What would you do?
Throw away five years of blissful marriage because of three weeks of hardship, or would you stick with the love of your life?
That’s a question facing Steve Arpin, but he’s in no hurry to sign the divorce papers with his racing fling. Instead, he will be in the garage this week working at his relationship with his 2,650-pound “partner.”
“We’ve had about five years worth of goods, and you’ve got to get some bads once in a while,” Arpin reasoned.
Spoken like a truly dedicated husband.
The 21-year-old has been married since a young age when his love affair with racing first began in the form of go-kart racing, and he plans to stay married for a long, long time.
He’s had his share of checkered flags, but the past couple of weeks have seen discouragement and frustration where there once was initiative and passion (not to say those have been replaced).
Take last Thursday at the renowned Cedar Lake Speedway in Wisconsin.
Arpin’s car had just been given a makeover with the installation of a new Wagamon Bros. engine (one of his many sponsors) in Minneapolis and he couldn’t wait to take his girl for a ride.
Everything was looking good, but then. . . .
“The car was awesome and I honestly think we would’ve won the race,” Arpin recalled. “But going into the corner, a guy lost a fuel pump belt and we were about four wide and four deep and we just had nowhere to go, and I hit him at about 100 m.p.h.”
“We were pretty much discouraged that night,” said Arpin’s dad, Chuck, who mentioned they didn’t get home until eight a.m. after leaving the speedway at around midnight.
Then his relationship hit another speed bump Saturday night at the Emo Speedway, where it had all begun for him.
The track supervisor called for the cars to head out for hot laps and Arpin obliged, but his car was being stubborn.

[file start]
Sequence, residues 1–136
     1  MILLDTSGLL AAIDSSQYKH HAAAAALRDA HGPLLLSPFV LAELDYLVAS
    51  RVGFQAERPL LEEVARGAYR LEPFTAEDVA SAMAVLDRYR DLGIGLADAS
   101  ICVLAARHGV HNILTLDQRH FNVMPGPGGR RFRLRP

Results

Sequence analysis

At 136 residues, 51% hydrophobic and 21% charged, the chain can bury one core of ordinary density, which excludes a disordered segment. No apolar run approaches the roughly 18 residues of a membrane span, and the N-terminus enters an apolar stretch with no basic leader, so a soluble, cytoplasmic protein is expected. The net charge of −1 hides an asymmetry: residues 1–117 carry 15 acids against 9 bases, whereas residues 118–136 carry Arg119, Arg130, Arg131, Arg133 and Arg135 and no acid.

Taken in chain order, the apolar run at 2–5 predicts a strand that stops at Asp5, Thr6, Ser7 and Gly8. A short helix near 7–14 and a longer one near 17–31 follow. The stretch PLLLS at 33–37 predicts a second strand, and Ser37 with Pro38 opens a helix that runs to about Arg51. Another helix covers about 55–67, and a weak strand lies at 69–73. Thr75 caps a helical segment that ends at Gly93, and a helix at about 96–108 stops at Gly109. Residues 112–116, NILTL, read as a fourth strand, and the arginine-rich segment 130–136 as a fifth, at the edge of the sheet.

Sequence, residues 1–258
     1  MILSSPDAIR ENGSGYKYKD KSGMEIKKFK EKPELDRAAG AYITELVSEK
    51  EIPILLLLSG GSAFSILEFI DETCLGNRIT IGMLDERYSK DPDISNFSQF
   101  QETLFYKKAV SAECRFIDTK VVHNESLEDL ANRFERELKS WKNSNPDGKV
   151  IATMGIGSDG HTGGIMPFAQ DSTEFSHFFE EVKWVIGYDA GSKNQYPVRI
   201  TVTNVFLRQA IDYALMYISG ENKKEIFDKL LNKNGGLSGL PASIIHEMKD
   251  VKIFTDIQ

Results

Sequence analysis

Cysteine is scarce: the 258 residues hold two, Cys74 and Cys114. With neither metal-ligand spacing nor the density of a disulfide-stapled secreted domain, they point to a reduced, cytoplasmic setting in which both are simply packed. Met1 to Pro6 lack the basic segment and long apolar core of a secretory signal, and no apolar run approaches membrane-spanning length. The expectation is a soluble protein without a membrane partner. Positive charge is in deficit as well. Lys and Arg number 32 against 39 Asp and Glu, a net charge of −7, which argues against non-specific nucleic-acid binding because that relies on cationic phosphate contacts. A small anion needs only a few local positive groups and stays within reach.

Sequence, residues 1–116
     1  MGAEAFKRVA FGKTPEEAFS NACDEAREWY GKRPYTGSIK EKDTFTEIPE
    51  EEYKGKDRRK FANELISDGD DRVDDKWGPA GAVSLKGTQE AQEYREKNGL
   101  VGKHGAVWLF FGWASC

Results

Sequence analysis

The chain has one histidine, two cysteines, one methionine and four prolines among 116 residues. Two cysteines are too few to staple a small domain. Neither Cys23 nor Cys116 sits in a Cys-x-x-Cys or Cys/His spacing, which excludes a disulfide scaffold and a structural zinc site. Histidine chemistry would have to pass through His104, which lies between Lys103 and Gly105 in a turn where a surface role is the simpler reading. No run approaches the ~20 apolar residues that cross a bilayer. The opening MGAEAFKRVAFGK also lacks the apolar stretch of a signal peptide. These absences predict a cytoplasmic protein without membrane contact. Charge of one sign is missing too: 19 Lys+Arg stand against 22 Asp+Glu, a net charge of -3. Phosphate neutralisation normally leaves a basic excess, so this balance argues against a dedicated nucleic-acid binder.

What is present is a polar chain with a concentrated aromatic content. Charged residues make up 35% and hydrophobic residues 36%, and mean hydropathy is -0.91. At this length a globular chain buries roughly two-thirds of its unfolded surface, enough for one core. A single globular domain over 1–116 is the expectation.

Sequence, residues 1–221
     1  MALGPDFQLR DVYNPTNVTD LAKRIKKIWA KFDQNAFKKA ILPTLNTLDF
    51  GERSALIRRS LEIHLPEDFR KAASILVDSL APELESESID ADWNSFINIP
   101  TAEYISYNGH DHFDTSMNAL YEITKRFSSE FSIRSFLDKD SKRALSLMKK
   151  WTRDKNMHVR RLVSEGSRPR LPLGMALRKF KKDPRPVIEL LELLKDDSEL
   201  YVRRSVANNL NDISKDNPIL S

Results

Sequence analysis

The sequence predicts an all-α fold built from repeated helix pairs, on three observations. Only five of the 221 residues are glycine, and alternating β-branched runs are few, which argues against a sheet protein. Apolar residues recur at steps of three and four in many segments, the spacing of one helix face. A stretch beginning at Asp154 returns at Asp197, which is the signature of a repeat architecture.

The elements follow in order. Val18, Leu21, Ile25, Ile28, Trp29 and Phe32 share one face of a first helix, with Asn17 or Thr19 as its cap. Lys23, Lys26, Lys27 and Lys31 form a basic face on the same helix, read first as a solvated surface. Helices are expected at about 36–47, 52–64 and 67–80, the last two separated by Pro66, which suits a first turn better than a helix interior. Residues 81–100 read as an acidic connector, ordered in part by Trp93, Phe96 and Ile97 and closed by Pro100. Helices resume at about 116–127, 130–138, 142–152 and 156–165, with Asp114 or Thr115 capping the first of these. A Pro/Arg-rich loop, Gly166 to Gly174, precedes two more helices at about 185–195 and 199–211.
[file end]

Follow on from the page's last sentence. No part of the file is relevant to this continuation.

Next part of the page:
“We lost a head gasket and went out for the hot laps,” he noted. “It’s a brand new car and it wasn’t handling the best, so I pulled into the infield and then came in and did a compression check and two cylinders were dead.
“We really need those cylinders,” added Arpin, who had been working with his dad on the car until 2:30 a.m. the night before.
So then the call came into flagman Dave Allen during the heats for the Midwest Mods. “Arpin wants to know if he has time to change his engine?” asked track president Sharon Trimble.
Allen gave the nod.
“We blew the motor, and guys came over and stopped watching their kids race to give us a hand in changing the motor,” noted Arpin, who saw the engine replaced with another they had stored in their custom-built trailer in an unbelievable time of less than an hour.
So everything looked good, right? Wrong.
Arpin came out in the 15-car feature and was close to the back, which was fine because he’s a threat from wherever he is on the track, but it took only a few laps when his “girl” started getting a little warm.
“I think what happened is that in our rush in putting the motor in, I think the thermostat was sticking and the car was getting warm, so we came in for some water,” said Chuck Arpin.
When Arpin headed back onto the track, he found himself a lap down, but that didn’t faze him. What did faze him was what he found coming out of Turn 3 only a few laps later.
“I tried to pass a guy on the high side, and came around the corner and there he [Ron Anderson] was,” recalled Arpin, who was frustrated with not being able to finish the race but was not visible about it.
So where has Lady Luck been for you?
“I don’t think any luck has been on my side lately. Ladies or not.
“I mean, whenever you don’t finish a race, you get discouraged,” Arpin added. “At home, there’s a little more pressure to try and do well, but we failed.
“But you’ve got to take the good with the bad.”
And Arpin has had his share of good so far this season.
At Cedar Lake Speedway, he is the points leader in a field that has more than 100 cars with 369 (13 better than Joey Jensen, who is in second place).
Not bad for a 21-year-old, wouldn’t you say?
“He’s had a darn good season, but the last few weeks he’s just had some terrible luck. And as hard as it is, we’ve just got to persevere and pull through it,” Chuck Arpin said as he looked at the broken car he had spent the whole day and previous night preparing.
“It isn’t as bad as it looks, but it’ll be around three or four nights of work,” he added.
At least you only have to drive 20 minutes to get home tonight instead of eight hours.
“It would be kind of fun to stay here for a while instead of running all over the countryside,” Chuck Arpin agreed.
So why don’t you?
“The racing here is great, but there’s not a lot of cars simply because it’s a small community and when you get into the larger centres, you get around 100 cars there a night.
“It’s just more competitive racing.”
The season is far from over for the Arpin crew—and hopes are still at an all-time high. But the past few weeks have been difficult ones to bear. And until they turn around, which shouldn’t take too long, Steve Arpin will have to find solace in other ways.
“I’m just going to go and cry in my beer tonight,” he said.
Cheers to that.
What would you do?